MacKinnon’s role as a volunteer includes assisting in third-grade classes and supporting teenagers in English classes, as well as providing homework support for children and helping with adult education. “I chose to work with Safe Passage due to my interests in public health and social inequality,” said MacKinnon, “and because it is an organization that looks at community well-being from a holistic approach, promoting education as a central tool for empowering young people living in poverty.”
Summer fellows Bianca Allende Boyd (left) and Marina MacKinnon. Photo: Michele Stapeton.

Also at Safe Passage this summer is Bianca Allende Boyd ’21, who is the recipient of a Nikuradse-Matthews Public Interest Summer Fellowship Award. Inspired by the “unforgettable experience” of an earlier visit to the Guatemala-based group on an Alternative Spring Break trip, the Hispanic studies and education major is working as a classroom assistant in the mornings with a class of four-year-olds, and in the afternoons providing tuition help for adults and high school students. “I have learned so much from every one of my students, whether I am struggling over explaining the past perfect tense with one of the mothers or sharing laughter with one of the four-year-olds,” she said.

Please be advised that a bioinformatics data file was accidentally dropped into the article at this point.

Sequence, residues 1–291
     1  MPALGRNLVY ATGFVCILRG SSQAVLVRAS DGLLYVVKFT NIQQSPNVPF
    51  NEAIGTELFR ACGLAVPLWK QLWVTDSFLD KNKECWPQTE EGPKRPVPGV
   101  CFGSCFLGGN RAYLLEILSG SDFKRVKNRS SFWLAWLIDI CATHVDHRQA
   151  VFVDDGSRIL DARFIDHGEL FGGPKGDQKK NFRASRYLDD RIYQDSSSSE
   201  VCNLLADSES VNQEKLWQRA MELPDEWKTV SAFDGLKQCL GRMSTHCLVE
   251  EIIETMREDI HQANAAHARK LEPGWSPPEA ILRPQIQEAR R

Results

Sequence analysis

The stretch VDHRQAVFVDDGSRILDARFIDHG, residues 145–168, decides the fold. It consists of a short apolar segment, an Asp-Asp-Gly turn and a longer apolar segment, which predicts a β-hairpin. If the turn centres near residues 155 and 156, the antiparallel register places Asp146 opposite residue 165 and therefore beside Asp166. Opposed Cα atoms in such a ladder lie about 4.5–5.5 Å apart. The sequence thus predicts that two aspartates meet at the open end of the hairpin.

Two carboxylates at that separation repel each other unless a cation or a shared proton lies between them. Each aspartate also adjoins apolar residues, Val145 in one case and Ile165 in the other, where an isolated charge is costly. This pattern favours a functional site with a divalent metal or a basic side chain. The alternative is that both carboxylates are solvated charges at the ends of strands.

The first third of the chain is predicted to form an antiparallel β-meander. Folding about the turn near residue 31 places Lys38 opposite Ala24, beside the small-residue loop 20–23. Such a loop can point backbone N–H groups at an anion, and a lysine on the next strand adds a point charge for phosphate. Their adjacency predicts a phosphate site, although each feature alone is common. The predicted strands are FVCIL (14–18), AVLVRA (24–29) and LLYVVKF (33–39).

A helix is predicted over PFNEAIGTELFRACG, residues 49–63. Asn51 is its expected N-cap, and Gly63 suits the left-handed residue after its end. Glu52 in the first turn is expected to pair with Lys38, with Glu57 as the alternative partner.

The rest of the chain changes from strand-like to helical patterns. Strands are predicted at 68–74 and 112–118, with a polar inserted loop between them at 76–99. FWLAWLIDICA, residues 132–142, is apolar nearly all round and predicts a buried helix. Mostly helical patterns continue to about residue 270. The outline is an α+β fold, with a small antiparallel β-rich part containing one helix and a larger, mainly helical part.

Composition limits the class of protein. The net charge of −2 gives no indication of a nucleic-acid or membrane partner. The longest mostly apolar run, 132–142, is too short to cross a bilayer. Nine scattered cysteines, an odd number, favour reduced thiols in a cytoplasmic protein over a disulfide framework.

Tijuana, Mexico. Arein Nguyen ’21

Nguyen is interning with Madres y Familias Deportadas, a community organization that helps migrant families along the Mexican border who have been separated by deportation. “The organization works to aid migrants who have been deported from the US and those who are attempting to enter the US,” he said.

That help, he explained, can be anything from giving water and clothing to helping them find shelter and legal counsel in Tijuana. “My role at Madres is to support the director in her work with the migrants, deportees, and other NGO partners in the area. I also answer phone calls and talk with anyone who comes to the office looking for assistance.”

Nguyen, who has worked in the area of immigrant rights and advocacy for four years, said he’s been learning something new and impactful every day. “Tijuana is almost like a migrant purgatory. People come to try and apply for asylum to enter the US, but are chewed, eaten up, and spit back out by the city,” he said. Migrants face numerous challenges in Tijuana as they wait to have their applications processed, he added, not least violence and corruption.

The Collateral Repair Project helps Iraqi, Syrian, Palestinian, and Sudanese refugees

Amman, Jordan. Julia Rohde ’20

Rohde is volunteering at the Collateral Repair Project (CRP), a grassroots nonprofit serving Iraqi, Syrian, Palestinian, and Sudanese refugees. “CRP works to provide for the basic needs of these urban refugees living in Amman by giving them food vouchers, providing them with day care, English classes, and summer camp,” she explained.

“As a volunteer, I teach adults English twice a week and also work at the downtown summer camp twice a week. At the summer camp, I teach Zumba to kids aged five to twelve years old and do arts and crafts with them.” Rohde, who is majoring in neuroscience and religious studies (with a focus on Islam), is planning to pursue a PhD in psychology, after which she intends to work with refugee communities.